Homozygous MRL/MpOlaHsd-Tnfrs6lpr/lpr mice and MRL/MpOlaHsd (MRL+/+) mice were purchased from Harlan/Winkelmann (Borchen, Germany) and housed and bred in the animal facility of the Hannover Medical School. IL-18 deficient MRLlpr mice were obtained by ten generations of backcrossing of the Il18tm/tmAki genotype from C57BL/6 mice (generously provided by S. Akira, Osaka, Japan [32]) onto the MRLlpr strain. Backcrossing was assisted by genetic diagnoses of the Il18 locus and SNPs (small nuclear polymorphism) analyses discriminating the C57Bl/6 and MRLlpr strains. Resulting strains were homozygous MRL/Mp-Tnfrs6lprIl18tm/tm (MRLlprIL18tm/tm) and heterozygous MRL/Mp-Tnfrs6lprIl18+/tm (MRLlprIL18+/tm). Mice were inspected daily and their health and constitution was ranked using a scoring system as detailed in table 1 (Table 1; [33]). Due to the autoimmune lupus-like disease, the mice acquired a moribund state rather quickly; however mice did not die unexpectedly or spontaneously since those which ranked score ≥4 were euthanized by CO2 inhalation followed by cervical dislocation. The age of mice when ranking score ≥4 are the bases for calculating their survival times. For all other analyses (except measurement of proteinuria), mice at pre-defined ages anaesthetized by CO2 inhalation and killed by exsanguination via cardiac puncture. Otherwise, analgesics and anaesthetics were not used in this study. Experimental procedures were performed according to the German Animal Welfare Act (Tierschutzgesetz, § 4) and approved by the Local Institutional Animal Care and Research Advisory Committee of the Hannover Medical School and the Lower Saxony State Office for Consumer Protection and Food Safety (Approval ID: 2012/8).

Serum preparation

The blood obtained by exsanguination was clotted for either one hour at room temperature or overnight at 4°C. Serum was separated by centrifugation at 10,000 g, 4°C for 20 min, aliquoted and stored at– 80°C until use.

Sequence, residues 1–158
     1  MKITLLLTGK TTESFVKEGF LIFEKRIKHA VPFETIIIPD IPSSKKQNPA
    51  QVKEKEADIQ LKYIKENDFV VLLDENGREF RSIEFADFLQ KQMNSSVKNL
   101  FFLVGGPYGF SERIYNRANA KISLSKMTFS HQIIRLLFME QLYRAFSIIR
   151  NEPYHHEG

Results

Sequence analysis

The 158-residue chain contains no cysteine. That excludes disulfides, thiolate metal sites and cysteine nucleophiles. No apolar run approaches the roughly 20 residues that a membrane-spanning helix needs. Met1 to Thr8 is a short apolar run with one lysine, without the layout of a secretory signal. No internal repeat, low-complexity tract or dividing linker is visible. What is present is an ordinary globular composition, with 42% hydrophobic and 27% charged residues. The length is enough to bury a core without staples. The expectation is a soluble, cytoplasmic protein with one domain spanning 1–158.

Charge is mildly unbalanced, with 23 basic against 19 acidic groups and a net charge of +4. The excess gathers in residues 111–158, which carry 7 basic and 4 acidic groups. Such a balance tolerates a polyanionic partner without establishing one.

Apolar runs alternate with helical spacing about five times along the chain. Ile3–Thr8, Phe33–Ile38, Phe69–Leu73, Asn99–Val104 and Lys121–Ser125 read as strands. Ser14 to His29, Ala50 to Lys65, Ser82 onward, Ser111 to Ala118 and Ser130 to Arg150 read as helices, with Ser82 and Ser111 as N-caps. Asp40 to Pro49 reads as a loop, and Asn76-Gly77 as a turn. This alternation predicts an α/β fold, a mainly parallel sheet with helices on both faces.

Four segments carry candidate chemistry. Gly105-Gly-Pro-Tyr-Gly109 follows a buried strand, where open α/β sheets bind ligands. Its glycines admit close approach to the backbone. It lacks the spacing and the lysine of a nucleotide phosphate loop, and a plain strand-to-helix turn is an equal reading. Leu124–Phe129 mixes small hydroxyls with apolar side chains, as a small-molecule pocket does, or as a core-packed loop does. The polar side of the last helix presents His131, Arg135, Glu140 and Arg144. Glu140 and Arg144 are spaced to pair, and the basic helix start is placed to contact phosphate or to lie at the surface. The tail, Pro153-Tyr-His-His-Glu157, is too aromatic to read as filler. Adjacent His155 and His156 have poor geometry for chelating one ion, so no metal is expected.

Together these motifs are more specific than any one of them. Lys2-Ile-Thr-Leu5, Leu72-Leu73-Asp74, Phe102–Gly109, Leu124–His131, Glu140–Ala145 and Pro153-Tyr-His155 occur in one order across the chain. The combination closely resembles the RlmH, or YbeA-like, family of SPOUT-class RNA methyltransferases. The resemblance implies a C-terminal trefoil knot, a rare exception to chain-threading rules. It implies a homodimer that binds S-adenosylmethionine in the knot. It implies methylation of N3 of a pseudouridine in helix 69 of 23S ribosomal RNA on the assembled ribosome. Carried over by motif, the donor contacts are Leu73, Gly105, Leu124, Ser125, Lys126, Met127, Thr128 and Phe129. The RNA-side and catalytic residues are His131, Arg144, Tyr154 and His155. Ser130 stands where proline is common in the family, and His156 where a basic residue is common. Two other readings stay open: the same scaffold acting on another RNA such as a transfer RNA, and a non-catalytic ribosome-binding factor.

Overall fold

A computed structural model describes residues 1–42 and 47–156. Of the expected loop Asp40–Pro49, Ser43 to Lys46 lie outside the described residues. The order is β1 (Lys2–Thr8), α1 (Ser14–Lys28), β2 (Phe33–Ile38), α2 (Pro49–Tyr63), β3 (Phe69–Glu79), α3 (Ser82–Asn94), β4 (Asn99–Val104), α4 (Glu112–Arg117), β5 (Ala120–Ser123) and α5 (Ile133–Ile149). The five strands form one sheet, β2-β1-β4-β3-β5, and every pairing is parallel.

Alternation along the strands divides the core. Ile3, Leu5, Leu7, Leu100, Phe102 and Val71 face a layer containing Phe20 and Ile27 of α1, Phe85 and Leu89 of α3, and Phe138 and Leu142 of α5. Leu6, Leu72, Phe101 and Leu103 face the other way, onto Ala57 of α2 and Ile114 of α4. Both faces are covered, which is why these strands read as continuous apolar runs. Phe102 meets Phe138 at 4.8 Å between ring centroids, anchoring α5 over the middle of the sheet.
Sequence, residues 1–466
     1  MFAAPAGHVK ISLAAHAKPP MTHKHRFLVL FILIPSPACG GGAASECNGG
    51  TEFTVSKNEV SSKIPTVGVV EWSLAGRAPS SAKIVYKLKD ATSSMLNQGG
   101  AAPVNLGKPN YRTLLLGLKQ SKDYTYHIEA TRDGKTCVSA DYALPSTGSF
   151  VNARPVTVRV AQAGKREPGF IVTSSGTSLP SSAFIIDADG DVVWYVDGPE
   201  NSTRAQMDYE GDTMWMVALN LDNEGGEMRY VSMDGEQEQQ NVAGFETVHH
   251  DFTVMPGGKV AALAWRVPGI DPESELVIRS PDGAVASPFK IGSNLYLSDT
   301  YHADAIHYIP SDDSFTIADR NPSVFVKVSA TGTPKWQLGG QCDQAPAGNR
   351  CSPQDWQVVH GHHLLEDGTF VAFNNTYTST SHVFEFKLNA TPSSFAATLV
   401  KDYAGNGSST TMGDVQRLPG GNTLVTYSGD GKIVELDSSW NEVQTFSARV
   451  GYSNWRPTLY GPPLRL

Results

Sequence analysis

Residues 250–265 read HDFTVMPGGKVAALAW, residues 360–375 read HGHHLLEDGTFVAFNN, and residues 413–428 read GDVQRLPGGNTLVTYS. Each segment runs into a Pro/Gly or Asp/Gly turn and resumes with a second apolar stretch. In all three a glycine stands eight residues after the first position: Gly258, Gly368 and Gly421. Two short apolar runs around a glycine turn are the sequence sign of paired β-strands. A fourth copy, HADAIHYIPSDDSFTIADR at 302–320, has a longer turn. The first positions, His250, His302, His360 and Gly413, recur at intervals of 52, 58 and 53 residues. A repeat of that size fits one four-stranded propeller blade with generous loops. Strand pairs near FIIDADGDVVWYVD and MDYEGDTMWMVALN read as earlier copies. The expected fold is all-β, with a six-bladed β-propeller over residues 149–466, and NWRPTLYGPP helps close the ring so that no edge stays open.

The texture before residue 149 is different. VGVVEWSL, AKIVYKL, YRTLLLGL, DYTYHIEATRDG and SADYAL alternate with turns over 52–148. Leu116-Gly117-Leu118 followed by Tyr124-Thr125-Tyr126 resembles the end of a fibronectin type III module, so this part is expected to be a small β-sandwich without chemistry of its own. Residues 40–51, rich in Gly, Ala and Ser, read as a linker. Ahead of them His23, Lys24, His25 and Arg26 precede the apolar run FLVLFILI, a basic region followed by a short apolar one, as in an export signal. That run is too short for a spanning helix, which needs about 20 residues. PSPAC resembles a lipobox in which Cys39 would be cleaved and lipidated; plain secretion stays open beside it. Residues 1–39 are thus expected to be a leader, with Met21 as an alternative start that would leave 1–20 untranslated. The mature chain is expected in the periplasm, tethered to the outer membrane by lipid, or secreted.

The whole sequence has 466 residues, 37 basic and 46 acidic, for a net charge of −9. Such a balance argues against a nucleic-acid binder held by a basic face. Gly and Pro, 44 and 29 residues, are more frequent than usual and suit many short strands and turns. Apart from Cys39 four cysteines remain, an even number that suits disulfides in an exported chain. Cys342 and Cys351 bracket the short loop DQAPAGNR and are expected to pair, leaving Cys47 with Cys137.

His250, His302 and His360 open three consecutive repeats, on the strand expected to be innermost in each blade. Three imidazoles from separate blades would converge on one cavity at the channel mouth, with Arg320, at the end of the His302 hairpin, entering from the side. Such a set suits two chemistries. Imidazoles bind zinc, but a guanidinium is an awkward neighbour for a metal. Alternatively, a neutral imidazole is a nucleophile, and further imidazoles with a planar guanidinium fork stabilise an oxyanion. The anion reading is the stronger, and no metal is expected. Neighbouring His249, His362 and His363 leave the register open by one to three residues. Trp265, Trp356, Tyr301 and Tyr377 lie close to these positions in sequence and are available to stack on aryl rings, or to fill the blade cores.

Organ and cell preparation

Axillary and inguinal lymph nodes, spleens, and kidneys were removed and dissociated into single cell suspensions using the gentleMACS dissociator system (Miltenyi Biotech, Bergisch Gladbach, Germany).

Lymphadenopathy and splenomegaly

Lymphocyte proliferation in lymph nodes and spleen was assessed in parallel with two methods. Weights of lymph nodes and spleens were evaluated routinely to assess the macroscopic lymphadenopathy. In addition, nucleated cell counts were performed after organ dissociation.


Urine protein levels were assessed semi-quantitatively using Combur Test strips (Boehringer-Mannheim, Mannheim, Germany). Small volumes (20 μl) of spontaneously voided urine were taken at weekly intervals.

Determination of renal damage

Renal tissue was either fixed in formalin and embedded in paraffin or was prepared for cryo-conservation. Sections were stained with hematoxylin and eosin (H&E), periodic acid-Schiff (PAS), or silver based reticulin. Kidney lesions were scored according to Table 2, analyzing at least 2 sections of each kidney and 55 +/- 5 glomeruli of each section.

Statistical analysis

Where appropriate, data are presented as individual values and the mean ± SD. Statistical significance was determined using Student’s t test or one- or two-way ANOVA with Bonferroni’s post-test. Proteinuria data were analyzed by Kruskal-Wallis test with Dunn’s post-test, whereas survival analysis was performed using Kaplan-Meier method and significance of differences in survival was determined using Mantle-Cox and Gehan-Breslow-Wilcoxon tests.


In order to analyze a possible role of IL-18 in the pathogenesis of the lupus-like disease in MRL/Mp-Tnfrs6lpr (MRLlpr) mice, we intensively backcrossed the Il18tm/tmAki genotype from C57BL/6 mice onto the MRLlpr strain to obtain MRL/Mp-Tnfrs6lprIl18tm/tm (MRLlprIL18tm/tm) and MRL/Mp-Tnfrs6lprIl18+/tm (MRLlprIL18+/tm) mice. Differences in the mean survival time of MRLlpr mice due to the genetic deletion of IL-18 expression (MRLlpr: 163 days, MRLlprIL18+/tm: 125 days; MRLlprIL18tm/tm 150 days; Fig 1) were statistically not significant.

Fig 1. Deletion of IL-18 expression does not affect survival.

MRLlpr mice displaying an IL-18 expression status as indicated were housed as described in the methods section. Individual ages (weeks) when they reached a health status ranking score ≥4 (table 1) were documented. Presented are pooled data from n = 23, 38, and 51 individuals of MRLlpr, MRLlprIl18+/tm, and MRLlprIl18tm/tm mice, respectively. The three data sets were analysed by Log-rank (Mantel-Cox) test and revealed no statistically significant differences.

A major symptom occurring in MRLlpr mice is the eponymous lymphoproliferation, resulting in strongly enlarged secondary lymphoid organs. Analyses of spleen and lymph nodes weights and cell numbers revealed no statistically significant differences between MRLlpr and MRLlprIL18tm/tm mice (data not shown).